"I think style of play is important for our student-athletes," he said. "They enjoy the style of play we have. I think it's important we take that into consideration with a new coach. Our fans, too, love how we play now. I think those two things right off the top. We also want someone who is a winner."
McLaughlin plans to handle the search himself, with input from university president Michael Rao when needed. The AD said he will use the gathering of coaches at the Final Four to get the ball rolling soon.
Smart said he intends to play the same full-court basketball at Texas but with the flexibility to make use of an offense of taller players than he had at VCU.
"Like any coach, I'm gonna fit what we do around personnel we have," Smart said.
Asked about suggestions that his full-court defense might not translate to the power conference level, Smart responded, "It translated pretty well a few years ago in San Antonio."
Smart replaced Rick Barnes, who was fired last week after 17 seasons at Texas. Barnes' teams played in the NCAA tournament 16 of those 17 seasons, but after reaching the Sweet 16 or beyond five times between 2002 and 2008 -- including the 2003 Final Four and two Elite Eight appearances -- the Longhorns have not returned despite some rosters that included NBA-bound talent.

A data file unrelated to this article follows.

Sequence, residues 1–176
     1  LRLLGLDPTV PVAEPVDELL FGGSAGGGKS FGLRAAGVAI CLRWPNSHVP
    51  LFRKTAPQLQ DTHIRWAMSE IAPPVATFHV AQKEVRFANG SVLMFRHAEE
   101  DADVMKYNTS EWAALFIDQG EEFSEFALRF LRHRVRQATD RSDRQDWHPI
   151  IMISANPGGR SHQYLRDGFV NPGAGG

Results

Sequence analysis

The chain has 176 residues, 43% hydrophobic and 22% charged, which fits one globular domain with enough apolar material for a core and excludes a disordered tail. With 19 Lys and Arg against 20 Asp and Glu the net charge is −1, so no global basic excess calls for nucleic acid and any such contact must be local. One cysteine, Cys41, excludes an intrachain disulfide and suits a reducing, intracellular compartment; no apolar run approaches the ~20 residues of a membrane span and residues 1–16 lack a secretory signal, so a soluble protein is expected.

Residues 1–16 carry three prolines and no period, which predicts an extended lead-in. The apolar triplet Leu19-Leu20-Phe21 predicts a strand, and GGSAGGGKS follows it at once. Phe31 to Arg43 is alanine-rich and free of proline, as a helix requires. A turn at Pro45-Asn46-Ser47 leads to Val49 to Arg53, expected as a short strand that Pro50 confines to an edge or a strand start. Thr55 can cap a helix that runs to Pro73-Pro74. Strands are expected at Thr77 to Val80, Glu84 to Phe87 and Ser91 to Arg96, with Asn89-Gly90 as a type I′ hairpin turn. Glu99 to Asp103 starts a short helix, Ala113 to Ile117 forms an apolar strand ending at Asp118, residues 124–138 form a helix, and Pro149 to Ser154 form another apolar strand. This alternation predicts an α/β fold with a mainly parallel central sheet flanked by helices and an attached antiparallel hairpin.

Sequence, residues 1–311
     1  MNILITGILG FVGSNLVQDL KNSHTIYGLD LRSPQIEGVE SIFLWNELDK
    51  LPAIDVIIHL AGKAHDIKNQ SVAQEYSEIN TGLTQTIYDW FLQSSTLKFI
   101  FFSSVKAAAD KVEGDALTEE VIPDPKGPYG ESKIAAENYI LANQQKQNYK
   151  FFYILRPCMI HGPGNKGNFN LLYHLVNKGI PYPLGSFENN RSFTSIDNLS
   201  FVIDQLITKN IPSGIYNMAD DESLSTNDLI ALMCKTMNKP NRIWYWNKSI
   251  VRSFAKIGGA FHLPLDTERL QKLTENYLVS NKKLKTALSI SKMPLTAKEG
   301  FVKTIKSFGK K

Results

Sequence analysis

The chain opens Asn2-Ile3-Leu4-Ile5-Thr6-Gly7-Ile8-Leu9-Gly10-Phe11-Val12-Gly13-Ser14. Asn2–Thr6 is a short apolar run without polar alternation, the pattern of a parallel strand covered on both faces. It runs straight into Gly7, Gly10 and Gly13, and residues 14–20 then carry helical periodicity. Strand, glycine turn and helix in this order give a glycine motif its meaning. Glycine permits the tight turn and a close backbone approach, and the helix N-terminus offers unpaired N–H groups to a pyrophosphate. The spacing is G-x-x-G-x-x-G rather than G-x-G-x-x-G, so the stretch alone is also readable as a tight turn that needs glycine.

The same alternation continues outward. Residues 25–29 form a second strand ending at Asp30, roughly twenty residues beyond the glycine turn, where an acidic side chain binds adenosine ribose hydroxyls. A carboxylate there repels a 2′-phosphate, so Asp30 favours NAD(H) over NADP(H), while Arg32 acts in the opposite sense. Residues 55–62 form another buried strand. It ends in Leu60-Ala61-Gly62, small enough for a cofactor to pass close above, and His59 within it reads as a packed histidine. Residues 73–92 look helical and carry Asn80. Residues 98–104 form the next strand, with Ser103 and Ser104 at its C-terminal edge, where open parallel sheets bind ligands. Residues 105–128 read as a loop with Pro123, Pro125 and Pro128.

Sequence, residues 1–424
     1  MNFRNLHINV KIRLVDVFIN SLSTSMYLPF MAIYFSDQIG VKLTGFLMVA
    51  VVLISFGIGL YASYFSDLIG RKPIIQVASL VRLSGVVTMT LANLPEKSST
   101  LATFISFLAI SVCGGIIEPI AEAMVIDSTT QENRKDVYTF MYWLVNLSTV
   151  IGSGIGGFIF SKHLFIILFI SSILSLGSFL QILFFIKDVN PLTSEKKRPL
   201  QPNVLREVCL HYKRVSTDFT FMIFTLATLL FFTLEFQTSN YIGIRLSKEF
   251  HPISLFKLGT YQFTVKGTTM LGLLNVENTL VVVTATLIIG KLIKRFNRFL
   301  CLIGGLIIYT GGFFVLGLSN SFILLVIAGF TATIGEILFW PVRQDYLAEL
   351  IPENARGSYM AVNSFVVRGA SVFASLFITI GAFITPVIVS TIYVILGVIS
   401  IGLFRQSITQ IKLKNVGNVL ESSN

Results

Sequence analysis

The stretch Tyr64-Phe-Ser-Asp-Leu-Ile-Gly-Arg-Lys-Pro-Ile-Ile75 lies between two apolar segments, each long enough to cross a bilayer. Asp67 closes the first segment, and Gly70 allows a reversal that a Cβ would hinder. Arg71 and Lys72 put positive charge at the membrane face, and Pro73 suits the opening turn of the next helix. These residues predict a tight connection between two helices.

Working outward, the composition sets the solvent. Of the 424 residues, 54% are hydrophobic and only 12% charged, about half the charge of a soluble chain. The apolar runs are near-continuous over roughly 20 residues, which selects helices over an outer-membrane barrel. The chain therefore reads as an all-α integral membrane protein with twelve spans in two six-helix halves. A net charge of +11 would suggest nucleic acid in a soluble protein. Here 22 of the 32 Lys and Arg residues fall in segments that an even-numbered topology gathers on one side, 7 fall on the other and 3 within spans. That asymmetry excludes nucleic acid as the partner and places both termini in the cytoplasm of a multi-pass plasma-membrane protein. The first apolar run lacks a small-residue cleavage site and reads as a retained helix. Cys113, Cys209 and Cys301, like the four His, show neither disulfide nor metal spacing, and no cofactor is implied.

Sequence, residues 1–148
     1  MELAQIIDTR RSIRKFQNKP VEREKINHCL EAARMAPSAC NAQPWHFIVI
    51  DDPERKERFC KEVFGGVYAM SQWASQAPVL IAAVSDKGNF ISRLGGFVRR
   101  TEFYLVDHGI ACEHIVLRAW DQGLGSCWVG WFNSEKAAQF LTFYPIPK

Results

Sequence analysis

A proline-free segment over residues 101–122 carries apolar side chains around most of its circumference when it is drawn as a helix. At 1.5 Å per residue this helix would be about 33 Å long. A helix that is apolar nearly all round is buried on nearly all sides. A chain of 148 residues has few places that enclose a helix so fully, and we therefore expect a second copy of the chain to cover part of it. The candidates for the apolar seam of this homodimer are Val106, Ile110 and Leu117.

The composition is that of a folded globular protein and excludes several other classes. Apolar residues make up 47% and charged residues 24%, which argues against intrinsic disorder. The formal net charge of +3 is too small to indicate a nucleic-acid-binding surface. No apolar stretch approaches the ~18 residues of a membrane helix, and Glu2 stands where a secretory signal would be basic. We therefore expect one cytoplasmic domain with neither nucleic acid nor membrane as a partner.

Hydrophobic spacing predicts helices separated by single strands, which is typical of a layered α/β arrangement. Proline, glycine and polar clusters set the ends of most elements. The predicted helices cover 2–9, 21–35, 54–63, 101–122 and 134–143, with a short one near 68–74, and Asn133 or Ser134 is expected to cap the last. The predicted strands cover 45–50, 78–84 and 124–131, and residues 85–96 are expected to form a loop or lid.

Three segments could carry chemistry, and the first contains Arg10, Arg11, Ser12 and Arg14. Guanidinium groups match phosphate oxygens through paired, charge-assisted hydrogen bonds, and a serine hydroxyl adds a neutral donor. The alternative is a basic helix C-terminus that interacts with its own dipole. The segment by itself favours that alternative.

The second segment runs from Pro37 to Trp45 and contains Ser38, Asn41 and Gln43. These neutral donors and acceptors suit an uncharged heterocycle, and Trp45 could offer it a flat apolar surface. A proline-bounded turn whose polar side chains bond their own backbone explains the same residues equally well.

Kevin Durant, one of those NBA talents to come out of Texas during Barnes' tenure, welcomed Smart to the fold Friday.
Texas has eight returning players. A ninth, 6-foot-11 freshman Myles Turner, has announced he will enter the NBA draft. Sophomore point guard Isaiah Taylor is considering the same move, according to teammate Prince Ibeh and Jai Lucas, a member of Barnes' staff.
By leaving before May 1, Smart owes VCU a $500,000 buyout. His contract also contains a provision that if he became a head coach at another institution, that school would have to compensate VCU with a home-and-home series or pay VCU $250,000. Patterson said Texas would fulfill those obligations.
ESPN Stats & Information and The Associated Press contributed to this report.